This portrayal of mother and son is quite depressing and creates a lot of sympathy for Lowry. Toiling at a day job, collecting rent and paying off his late father’s debts, Lowry tries to find beauty in the little things others are likely to ignore or not appreciate. He plays with the neighbourhood children — an activity he was denied when he himself was a kid — and goes home to paint what he sees in his simplistic but brilliant style. Unfortunately, save for caring for her, his mother constantly dismisses everything he does as either useless or wrong. Even when accolades begin rolling in for his work, she tears him down. The quote in the epilogue is so telling of their relationship, which Spall and Redgrave portray exceptionally well, capturing their strained but indivisible connection.
There are no special features. (MVD Visual)
My Bloody Valentine [Collector’s Edition] (Blu-ray)
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Scream Factory
On Valentine's Day, someone always loses their heart. Twenty years ago, this small town lost more than that. When supervisors abandoned their posts to attend the town's annual holiday dance, a tragedy claimed the lives of five miners. The sole survivor, Harry Warden, was institutionalized, but returned for a vengeful massacre on the disaster's first anniversary. Nineteen years later, the town is gearing up for another Valentine's Day party. Teen sweethearts T.J. (Paul Kelman) and Sarah (Lori Hallier), along with their friend Axel (Neil Affleck), are among the excited partygoers. But when a box of candy containing an eerie warning and blood-soaked heart arrive, the townsfolk realize that romance is as good as dead. And so are they...
This Canadian horror movie is a classic slasher film that had previously left some of its gorier scenes on the cutting room floor. But even though they’ll never recover that scene that brought violence and sex too close together, they have added back in some of the blood in the uncut version. Shot in and around Nova Scotian mines, director George Mihalka makes the most of the set, beginning with an erotic murder in the dark, dirty caves. While seasoned horror fans may be able to determine the identity of the killer, it’s still exciting to watch him stalk his victims and chase them through the underground maze. The many featurettes are entertaining, but most interesting is the anniversary panel in which the reunited cast and crew reminisce about the difficult conditions and joys of making a movie in a month.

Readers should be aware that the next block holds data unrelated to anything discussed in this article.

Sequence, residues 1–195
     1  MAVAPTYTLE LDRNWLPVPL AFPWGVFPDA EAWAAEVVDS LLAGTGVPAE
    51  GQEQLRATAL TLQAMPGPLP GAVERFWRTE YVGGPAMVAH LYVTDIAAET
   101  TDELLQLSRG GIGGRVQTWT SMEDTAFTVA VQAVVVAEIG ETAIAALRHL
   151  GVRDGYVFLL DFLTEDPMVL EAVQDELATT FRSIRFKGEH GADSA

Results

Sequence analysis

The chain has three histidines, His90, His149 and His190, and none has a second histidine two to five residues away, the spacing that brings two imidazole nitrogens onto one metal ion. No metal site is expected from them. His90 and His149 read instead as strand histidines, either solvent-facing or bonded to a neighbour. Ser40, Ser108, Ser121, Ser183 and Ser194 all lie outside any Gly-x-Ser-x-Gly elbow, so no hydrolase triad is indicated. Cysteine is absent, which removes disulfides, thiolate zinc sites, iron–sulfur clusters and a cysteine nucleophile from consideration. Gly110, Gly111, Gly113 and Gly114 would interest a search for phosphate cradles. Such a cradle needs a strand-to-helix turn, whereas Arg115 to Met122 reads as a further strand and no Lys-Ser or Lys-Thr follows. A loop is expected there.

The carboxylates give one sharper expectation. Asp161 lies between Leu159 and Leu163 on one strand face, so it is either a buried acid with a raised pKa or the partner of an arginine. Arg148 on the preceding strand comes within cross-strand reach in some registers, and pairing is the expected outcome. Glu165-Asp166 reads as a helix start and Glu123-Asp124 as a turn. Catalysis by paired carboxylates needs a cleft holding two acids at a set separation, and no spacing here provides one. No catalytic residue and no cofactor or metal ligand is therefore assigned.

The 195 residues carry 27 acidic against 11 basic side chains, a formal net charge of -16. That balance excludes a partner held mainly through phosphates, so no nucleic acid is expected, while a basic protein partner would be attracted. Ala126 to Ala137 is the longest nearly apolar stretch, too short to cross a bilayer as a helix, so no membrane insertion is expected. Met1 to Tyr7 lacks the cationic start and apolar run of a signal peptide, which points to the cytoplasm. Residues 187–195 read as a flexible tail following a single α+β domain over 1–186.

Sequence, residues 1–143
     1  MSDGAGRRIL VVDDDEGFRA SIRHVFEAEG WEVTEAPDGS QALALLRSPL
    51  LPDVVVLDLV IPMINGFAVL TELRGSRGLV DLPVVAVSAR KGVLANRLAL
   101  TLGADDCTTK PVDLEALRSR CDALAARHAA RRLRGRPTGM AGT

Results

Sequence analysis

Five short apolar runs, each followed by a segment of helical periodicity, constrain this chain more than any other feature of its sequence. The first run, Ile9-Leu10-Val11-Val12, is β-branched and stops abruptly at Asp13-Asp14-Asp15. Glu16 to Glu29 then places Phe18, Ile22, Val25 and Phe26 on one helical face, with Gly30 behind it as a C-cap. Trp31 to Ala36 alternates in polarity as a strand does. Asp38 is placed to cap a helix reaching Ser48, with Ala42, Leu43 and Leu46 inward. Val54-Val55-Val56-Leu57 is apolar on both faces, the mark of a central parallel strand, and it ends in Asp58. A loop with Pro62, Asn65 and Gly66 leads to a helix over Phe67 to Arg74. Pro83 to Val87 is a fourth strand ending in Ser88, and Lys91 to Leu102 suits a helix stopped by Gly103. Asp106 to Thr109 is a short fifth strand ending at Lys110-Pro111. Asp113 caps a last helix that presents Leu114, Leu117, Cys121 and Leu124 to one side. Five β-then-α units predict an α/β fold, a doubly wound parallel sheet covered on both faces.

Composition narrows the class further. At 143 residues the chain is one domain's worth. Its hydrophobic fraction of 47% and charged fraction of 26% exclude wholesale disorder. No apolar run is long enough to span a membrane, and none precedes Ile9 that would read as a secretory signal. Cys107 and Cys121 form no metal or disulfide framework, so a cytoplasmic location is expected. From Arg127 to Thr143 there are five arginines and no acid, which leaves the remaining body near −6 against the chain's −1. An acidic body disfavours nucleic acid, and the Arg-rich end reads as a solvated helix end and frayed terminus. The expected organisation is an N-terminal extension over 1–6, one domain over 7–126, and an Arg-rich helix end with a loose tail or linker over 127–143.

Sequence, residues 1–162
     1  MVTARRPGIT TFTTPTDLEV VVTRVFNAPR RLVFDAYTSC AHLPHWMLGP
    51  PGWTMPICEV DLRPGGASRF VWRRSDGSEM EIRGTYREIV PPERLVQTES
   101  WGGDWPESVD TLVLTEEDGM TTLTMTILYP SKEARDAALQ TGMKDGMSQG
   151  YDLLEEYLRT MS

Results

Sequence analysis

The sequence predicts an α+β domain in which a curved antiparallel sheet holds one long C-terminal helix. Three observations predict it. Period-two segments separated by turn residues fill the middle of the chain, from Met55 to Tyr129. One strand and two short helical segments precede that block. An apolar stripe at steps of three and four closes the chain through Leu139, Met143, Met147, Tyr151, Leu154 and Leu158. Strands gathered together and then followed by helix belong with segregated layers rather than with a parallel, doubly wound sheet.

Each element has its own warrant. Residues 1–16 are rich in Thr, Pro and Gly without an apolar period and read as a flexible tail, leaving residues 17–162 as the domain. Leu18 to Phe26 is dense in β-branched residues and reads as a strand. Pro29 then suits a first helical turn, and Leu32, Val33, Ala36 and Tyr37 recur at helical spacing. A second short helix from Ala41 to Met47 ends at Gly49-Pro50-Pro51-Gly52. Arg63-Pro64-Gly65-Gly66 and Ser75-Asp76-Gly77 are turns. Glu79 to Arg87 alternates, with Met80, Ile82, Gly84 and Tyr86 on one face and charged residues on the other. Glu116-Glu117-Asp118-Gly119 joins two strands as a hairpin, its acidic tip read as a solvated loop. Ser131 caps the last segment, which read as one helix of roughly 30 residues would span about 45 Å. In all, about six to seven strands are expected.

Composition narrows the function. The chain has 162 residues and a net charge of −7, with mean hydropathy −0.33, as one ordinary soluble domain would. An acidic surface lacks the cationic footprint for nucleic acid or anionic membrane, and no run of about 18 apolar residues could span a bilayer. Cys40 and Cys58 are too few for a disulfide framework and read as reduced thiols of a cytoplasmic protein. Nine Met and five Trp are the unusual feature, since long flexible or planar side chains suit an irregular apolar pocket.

Special features include: theatrical and uncut versions of the film; commentary with director George Mihalka; “An Anemic Valentine”; “From the Heart”; “Friends of Mine”; “Axel, Be My Valentine”; “Becoming Sylvia”; “The Secret Keeper”; “Broken Hearts and Broken Bones”; “Holes in the Heart”; 35th anniversary cast reunion panel; Thomas Kovacs performs “The Ballad of Harry Warden”; still gallery; TV and radio spots; and theatrical trailer. (Scream Factory)
Nighthawks (Blu-ray)
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MVD Visual
Wide-eyed Midwest transplant Stan (Chace Crawford) agrees to play wingman to his calculating and privileged roommate Chad (Kevin Zegers) as they embark upon an exploration of glittering New York nightlife, whose darkest secrets are held captive by an elite band of millennials known as Nighthawks.
This movie doesn’t make a lot of sense even after audiences figure out the truth far sooner than the narrative wants or expects. It’s obvious the group of elite strangers are up to something and it’s not long before their games reveal their agenda. However, they’re masked attempts to push the envelope are not especially enticing as they stand around in a semi-circle accusing Stan and questioning each other. In the meantime, Stan’s cool demeanour makes the whole situation even more boring, while his narration simply creates more questions. Finally, the crime in question feels completely dismissed in the context of their games as once again the blame is spread around rather than placed solely with the perpetrator.
Special features include: photo gallery; and theatrical trailer. (MVD Visual)
More about Ford v Ferrari, kill chain, Greener Grass, High Strung Free Dance, My Bloody Valentine